I have some budget to spend (tiny), nothing compared to what big companies in the space can spend, but I would like to fully understand what a single (or small team) indie development project can achieve in this space with a limited budget, so I will put some money on Facebook Ads and probably Admob.


My plan is to have a classic free-to-play with in-app to remove the ads, for this reason I opted to use Chartboost for the rewarding video which entitles 3 extra games and AdMob for all the other ads in the game. My expectations are pretty low here, I have a basic understanding of what CPM, CPC and CTR are, but I am not an expert, I hope to learn more during this project.

Beta Testing

For the beta phase I used BetaFamily (free), Reddit and some friends and my family. I had around 50 players using the game and, to be completely honest, only 2 were actual good testers. If you plan to run a beta testing phase and never had one, remember that good beta testers are gold, so keep them close to you once you started!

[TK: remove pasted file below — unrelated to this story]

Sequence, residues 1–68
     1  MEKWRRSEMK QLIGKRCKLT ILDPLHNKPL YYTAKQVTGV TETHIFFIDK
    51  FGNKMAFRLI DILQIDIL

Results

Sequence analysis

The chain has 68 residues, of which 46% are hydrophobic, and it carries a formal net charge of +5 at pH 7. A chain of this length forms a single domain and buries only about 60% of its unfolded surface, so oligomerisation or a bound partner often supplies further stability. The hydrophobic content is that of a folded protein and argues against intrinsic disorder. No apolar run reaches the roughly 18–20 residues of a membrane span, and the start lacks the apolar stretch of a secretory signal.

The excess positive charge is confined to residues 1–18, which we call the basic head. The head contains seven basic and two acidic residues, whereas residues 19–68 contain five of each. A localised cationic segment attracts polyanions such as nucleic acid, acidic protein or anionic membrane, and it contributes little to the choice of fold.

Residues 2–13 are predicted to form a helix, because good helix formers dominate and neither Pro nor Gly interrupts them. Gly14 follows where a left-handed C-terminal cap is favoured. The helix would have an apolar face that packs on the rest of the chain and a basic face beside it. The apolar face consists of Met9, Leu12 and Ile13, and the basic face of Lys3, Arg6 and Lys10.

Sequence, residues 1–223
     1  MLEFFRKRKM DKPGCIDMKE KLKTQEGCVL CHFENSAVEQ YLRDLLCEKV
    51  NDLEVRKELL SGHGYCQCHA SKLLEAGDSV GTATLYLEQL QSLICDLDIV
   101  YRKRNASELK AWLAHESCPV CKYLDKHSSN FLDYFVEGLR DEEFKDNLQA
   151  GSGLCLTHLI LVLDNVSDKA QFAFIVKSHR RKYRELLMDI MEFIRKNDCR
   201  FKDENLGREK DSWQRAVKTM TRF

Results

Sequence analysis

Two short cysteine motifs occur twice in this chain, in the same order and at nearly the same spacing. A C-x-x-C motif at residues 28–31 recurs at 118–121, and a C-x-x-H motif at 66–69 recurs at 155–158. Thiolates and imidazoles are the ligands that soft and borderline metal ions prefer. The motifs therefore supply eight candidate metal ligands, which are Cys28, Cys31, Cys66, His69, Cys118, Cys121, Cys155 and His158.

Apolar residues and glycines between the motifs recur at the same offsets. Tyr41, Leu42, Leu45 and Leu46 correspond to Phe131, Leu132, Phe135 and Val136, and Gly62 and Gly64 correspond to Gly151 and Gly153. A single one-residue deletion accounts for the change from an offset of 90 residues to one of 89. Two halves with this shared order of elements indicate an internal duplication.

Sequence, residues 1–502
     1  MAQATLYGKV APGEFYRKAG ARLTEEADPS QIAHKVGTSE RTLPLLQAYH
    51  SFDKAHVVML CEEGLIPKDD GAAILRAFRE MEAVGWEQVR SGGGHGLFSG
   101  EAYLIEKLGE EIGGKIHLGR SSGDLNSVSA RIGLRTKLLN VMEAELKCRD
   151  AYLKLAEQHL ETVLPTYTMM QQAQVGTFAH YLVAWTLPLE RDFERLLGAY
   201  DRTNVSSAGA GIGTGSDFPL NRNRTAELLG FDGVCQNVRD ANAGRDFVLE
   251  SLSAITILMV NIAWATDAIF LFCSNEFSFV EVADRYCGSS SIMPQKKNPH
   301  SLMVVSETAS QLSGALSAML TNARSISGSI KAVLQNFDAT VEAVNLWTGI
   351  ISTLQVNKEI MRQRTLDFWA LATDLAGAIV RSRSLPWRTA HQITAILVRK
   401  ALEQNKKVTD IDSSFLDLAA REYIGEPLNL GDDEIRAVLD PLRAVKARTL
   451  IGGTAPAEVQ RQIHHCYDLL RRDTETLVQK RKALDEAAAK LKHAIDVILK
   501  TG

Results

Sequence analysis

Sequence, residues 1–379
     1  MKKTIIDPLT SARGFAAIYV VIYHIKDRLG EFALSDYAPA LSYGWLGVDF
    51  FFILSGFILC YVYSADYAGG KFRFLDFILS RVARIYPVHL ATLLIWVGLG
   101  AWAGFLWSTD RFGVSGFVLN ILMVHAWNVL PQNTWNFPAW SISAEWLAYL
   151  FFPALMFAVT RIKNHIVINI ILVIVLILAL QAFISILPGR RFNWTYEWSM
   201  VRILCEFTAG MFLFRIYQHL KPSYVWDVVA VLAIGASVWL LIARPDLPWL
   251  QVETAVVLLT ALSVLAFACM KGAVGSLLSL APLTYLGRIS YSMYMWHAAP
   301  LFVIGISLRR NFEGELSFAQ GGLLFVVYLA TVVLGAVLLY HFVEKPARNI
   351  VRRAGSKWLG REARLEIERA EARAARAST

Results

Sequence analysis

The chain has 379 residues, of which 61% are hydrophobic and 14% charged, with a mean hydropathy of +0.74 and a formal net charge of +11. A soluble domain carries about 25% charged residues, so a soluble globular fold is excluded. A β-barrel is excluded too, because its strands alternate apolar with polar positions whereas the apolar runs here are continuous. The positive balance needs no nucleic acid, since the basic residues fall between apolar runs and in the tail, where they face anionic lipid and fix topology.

All the articles, tweets, opinions about beta testing a social game say that a big beta user base is necessary before starting, I think it’s true, but it also really hard for a first timer to build such a big user base. I am curios to see the days after the launch of the game will perform and analyze the details.

What’s Next?

I currently submitted the application on the App Store, the status is “Waiting for Review”, considering the review time is now around 2 days, it should be available for release in a couple of days. I prefer to release the app manually, so I will prepare the website for the launch, create a couple of ads on Facebook and check how the phase performs.

A week after the launch I will collect all the data and create a new post showing hot the game is performing, eventual improvements and hot-fixes. So stay tuned!